The town of Evora is quite charming, within the preserved city walls are cobblestone lanes, charming streets, the place just oozes character. After a wonderful meal at Botequim da Mouraria, followed by a nap, we were ready to do a bit more exploring. I really wanted to see the Agua de Prata Aqueduct, the "Aqueduct of Silver Water", which stretches into Evora from the Northwest. It was literally a block from our hotel. You turned the corner and the aqueduct was in sight.
Construction on the aqueduct began in 1531 and was completed sometime in 1537 and brought water to Evora from Ribeira do Divor about 5 miles away.
What made this interesting to me was that I had read that there were houses and other structures actually using the pillars of the aqueduct as frames. Pretty amazing, no space wasted.
Of course the aqueduct works on gravity, so as the structure goes lower, so do the buildings.....
Which eventually turns to garages and sheds as it heads earthward.....
While walking along the aqueduct we heard an "hello, hello.....how are you? Would you like to have your picture taken?" We turned and saw a woman huffing and puffing, up the street....her name was Toni, from Australia, who had decided to move to Evora! Needless to say, we had a wonderful chat. I have to say, Toni is quite an interesting personality, her husband had passed away, and somehow, in her 60's she had decided to move here. Of course we had many questions; like "how's your Portuguese?" Her answer; "well, I'm starting lessons next week." Man, talk about living an adventure.....
We headed off to our next destination....it was time for some coffee and a snack or two. We passed quite a few sights on the way, some of which I'll cover in a future post. Here's a photo of Igreja da Graça, the Church of Grace. I found the figures on the facade kind of scary and the church just looked spooky to me.
We finally reached our destination, up one of the side streets; the Pastelaria Conventual, which specialized in "Conventual cakes", basically sweets that originated in the areas convents. I had a seat outside, while the Missus went to town.
We were told that the item Pastelaria Conventual is known for is the pão de rala, a "thin cake", made of eggs (quite a bit) and flavored with almond, with a touch of orange. It was a bit too "eggy" and sweet for me.....pretty heavy stuff too.
As was this.....
What was really funny was watching the Missus biting into this and freaking out.....
It was nice to just sit down; have a cup of Cafe Americano and let time pass. It's something we here in the States aren't real good at......just sitting and watching the street scene; your own personal relaxation "aquarium".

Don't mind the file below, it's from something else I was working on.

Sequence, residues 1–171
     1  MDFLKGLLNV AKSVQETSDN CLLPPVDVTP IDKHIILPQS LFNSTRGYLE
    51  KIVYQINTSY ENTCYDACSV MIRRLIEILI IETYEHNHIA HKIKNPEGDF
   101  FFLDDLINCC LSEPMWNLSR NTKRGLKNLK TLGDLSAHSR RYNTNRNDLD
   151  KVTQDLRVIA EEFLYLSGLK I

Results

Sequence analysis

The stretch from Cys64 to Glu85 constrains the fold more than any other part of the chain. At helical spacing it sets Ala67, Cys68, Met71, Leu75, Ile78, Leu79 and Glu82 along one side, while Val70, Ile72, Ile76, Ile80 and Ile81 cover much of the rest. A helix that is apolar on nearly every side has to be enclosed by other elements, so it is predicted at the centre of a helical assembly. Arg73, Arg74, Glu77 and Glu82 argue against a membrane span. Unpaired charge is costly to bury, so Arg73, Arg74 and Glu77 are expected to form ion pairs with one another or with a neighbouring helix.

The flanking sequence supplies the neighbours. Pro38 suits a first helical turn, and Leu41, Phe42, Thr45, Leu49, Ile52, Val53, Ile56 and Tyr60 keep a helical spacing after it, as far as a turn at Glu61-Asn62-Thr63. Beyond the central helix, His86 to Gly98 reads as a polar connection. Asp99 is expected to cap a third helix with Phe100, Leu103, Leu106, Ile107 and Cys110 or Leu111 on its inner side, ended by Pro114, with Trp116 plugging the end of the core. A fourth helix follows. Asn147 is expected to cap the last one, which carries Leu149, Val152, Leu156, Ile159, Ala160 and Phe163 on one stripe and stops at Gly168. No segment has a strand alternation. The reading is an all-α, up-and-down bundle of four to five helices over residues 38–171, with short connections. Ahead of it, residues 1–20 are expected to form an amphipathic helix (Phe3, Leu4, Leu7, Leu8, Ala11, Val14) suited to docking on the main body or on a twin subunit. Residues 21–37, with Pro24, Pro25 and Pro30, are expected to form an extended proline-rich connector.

Rua do Cicioso No.47
After our snack we wandered around for a bit, then headed back to the Albergaria do Calvario, checked email, freshened up and headed back out.
The heavily touristed Dos Mercadores was now quiet. The day trippers were gone, the young folk had headed to other places to enjoy the evening, and the shops had closed.
The heart of Evora, the Praca do Giraldo, the main square was now quiet and sedate, totally different from the bustling version we had seen earlier in the day.
Somehow, we ended up at the Templo Romano, the Roman Temple once again.....we quickly noticed how different it looked at this time of the day.
We walked across the street to the Largo da Porta de Mouro where the Missus snapped this beautiful shot of the sun setting over Evora......
Ok, enough of that....time for dinner. The Missus wanted something hearty, which the region, the Alentejo was known for. We decided to walk on down the now quiet side streets of Evora....
To Adega do Alentejano.......
The restaurant is actually quite large, but we were the only customers. The red checkered tablecloths gave it a homey feel and the gentleman serving us seemed a bit aloof at first, but ended up being quite a nice guy.
Things started out in the typical manner, appetizers brought to our table...if you eat, you pay. We also got some of the ohuse wine which actually comes from the barrels you see in the back of the dining area.
We looked over the items written on the chalkboard to determine what to get while we had our first earthenware pitcher of wine.
The Missus had been curoius about the Sopa de Tomate, tomato soup, wince She first read about it. The deal was sealed when She was told to not "order anything else...it is not a bowl of soup, but a meal!" They weren't kidding.
There's a lot this heart soup has got going for it; slices of bread soaked with a broth that just feels like a warm comforting embrace. There is of course the Missus' favorite, two eggs poached in said broth.
And like the info-mercial goes, "but wait, there's more...." a bowl of charcuterie accompanies the soup; fried pork belly, linguiça, and yes, farinheira, the "flour sausage" the Missus hated, which tasted just lovely deep fried.
Can you say comfort food????
If you think about it; this part of the Alentejo is almost like the great plains in a way, it is one of the hottest regions in Europe. Instinctively you'd immediately balk when offered a dish that includes clams, right? Well perhaps I had my doubts, but one of the classic dishes of the region is Carne de Porco à Alentejana, a dish that includes the wonderful local pork as well as clams. I just needed to try this.
The clams were surprisingly fresh, tender, and tasty, with a nice briney goodness. The pork, which seemed to be shoulder was on the chewy side, but the flavor of pork here is wonderful, it reminds me of what pork tasted like when I was a kid, even better. The fried potatoes went well with all the rich gravy/broth.
Adega do Alentejano
Rua Gabriel Victor do Monte Pereira 21 A
Thanks for reading!